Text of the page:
— James Bullock (@jbprime) August 20, 2015
A recent paper by Licquia, Newmann, and Brinchmann (2015) reported that the Milky Way, if viewed externally, would have an absolute magnitude of Mr−5logh=−21.00 and a rest frame color of (g-r) = 0.682. This would place it very near the red sequence or in the green valley, where galaxies are thought to be transitioning to being quiescent systems. Red spirals generally only make up about 6% of the spiral galaxy population as found by Masters et al. (2010), and following their definition, the Milky Way would qualify as a red spiral.
Now, the Milky Way makes up part of the local group, whose other major member is the Andromeda Galaxy. Andromeda is also a very red spiral galaxy at a distance of 0.78 Mpc away from the Milky Way and approaching the Milky Way at ~300 km/s. Galaxies like the Milky Way and Andromeda are likely to be incredible rare. Out of a sample of 130000 galaxies, Mutch, Croton, and Poole (2011) only found 997 (0.77%) that were similar to the Milky Way or Andromeda.
Of those galaxies, how many are close together to each other? This should be easily answerable using the SDSS CasJobs query. Nonetheless, I tried to repeat the query from Mutch, Croton, and Poole (2011) of galaxies with spiral structure, stellar masses similar to the Milky Way and Andromeda, and exponential profiles along with adding in a color selection, requiring the galaxies to have a redshift less than 0.1, and leaving out the face-on requirement. In the end, I found 5375 galaxies fitting the requirement out of an initial sample of 160000 galaxies with z < 0.1. Compared to the early work, I used a slightly higher redshift cutoff and dropped the face on requirement, which explains the greater number of sources. Of those 5375, 36 pairs exist where the two galaxies are within 1.5 Mpc of each other and have a total line of sight velocity difference less than 150 km/s.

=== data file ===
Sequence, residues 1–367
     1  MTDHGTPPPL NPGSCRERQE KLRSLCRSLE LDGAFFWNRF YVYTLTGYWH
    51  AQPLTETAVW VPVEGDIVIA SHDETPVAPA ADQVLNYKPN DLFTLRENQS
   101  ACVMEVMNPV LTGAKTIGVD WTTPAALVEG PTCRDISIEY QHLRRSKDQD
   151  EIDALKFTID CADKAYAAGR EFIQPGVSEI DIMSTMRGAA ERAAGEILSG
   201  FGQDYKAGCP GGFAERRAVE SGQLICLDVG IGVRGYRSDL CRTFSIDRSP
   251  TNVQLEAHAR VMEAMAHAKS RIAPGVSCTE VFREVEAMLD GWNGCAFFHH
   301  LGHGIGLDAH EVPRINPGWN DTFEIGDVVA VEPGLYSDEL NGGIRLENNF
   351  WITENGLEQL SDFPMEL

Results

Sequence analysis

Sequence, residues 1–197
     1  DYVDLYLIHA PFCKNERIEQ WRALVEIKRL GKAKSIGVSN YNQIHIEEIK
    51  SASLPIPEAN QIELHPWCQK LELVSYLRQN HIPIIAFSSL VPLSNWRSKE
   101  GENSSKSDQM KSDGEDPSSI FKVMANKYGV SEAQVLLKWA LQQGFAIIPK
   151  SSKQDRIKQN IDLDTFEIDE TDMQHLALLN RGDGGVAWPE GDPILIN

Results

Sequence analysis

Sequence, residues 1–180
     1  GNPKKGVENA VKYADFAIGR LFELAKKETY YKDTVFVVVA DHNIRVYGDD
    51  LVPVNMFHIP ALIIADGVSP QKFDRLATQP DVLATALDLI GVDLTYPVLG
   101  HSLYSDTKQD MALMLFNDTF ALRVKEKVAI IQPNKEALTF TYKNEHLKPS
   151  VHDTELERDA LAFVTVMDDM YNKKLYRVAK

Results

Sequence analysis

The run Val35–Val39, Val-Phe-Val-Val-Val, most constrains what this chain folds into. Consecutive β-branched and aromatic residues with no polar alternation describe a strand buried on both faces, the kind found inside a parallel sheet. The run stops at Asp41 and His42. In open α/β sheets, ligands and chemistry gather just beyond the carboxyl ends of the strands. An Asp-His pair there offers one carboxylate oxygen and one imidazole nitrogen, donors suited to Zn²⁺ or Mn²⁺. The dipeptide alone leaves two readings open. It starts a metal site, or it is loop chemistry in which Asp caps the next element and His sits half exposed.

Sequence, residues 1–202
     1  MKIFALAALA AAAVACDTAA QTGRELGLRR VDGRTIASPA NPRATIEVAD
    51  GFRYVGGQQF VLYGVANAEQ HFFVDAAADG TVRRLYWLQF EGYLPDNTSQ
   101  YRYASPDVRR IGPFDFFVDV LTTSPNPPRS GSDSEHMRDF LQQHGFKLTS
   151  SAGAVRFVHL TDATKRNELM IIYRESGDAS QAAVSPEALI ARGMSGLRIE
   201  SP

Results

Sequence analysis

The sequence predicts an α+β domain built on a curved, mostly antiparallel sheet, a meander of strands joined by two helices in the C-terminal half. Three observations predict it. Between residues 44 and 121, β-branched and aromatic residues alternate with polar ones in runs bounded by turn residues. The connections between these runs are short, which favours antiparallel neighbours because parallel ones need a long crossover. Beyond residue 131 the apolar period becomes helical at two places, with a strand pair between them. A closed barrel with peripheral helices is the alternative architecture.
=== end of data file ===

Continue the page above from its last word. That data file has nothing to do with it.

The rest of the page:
So while the local group is unique, it would appear roughly about 1 out of every 2200 giant galaxies would be in a local group analog (give or take a factor of 2). I have to admit my initial feeling would be that they would be more rare than that. Then again, this was a quick calculation and their might easily be several factors that I am missing.
Of course, it might be interesting to follow-up a few of these systems in detail to see what might be in store for the local group. Mutch, Croton, and Poole actually suggest that the Milky Way-Andromeda merger will more likely be a dry merger when it happens and maybe some of these systems can give us some ideas about what is in store for the Milky Way.
For the record, here is the query I used. If anyone has better ideas, please feel free to suggest it and I’ll be happy to post an update.
-- Find red spiral galaxies similar to the Milky Way and Andromeda
SELECT count(g.objID) -- g.objID, g.ra, g.dec, t04_spiral_a08_spiral_debiased, sp.z, sm.mstellar_median, fiberMag_g - fiberMag_r, log10(1/expAB_r)
FROM Galaxy as g
join dr10.zoo2MainSpecz as z on g.specobjid=z.specobjid
join SpecObj as sp on g.specobjid=sp.specobjid
join stellarMassPCAWiscBC03 as sm on g.specobjid=sm.specobjid
--join Photoz as pz on g.objID = pz.objID
r < 24 -- r IS NOT deredenned
and sp.z < 0.1
and t04_spiral_a08_spiral_debiased > 0.8 --spiral structure is seen
and sm.mstellar_median > 10.66 and sm.mstellar_median < 11.2 -- only galaxies with stellar masses similar to MW/M31
and fiberMag_g - fiberMag_r > 0.63 -- find all red objects (this should be restframe color, but k-corrections should be small)
and fracDeV_r < 0.5 -- added to remove bulge dominated galaxies
And here’s an image of one of the systems that are very close together, however the on-sky separation of some of these systems can be visually quite large (0.78 Mpc at z=0.05 corresponds to roughly 0.2 degrees).
Some Caveats: The Mutch, Croton, and Poole estimate included some assumptions about viewing angle, so there probably are more systems where one object is being viewed edge on. Nonetheless, it goes into much more thorough detail then I do here and also has some very interesting thoughts about the long term evolution of the systems. In addition, I’ve done nothing to control for spectroscopic incompleteness. Also my SDSS-fu is very rusty so I could have screwed up the above query and I couldn’t figure out/remember an easy way to get to rest frame properties from the SDSS database. Also a more thorough job could have been done to decide bound/un-bound pairs.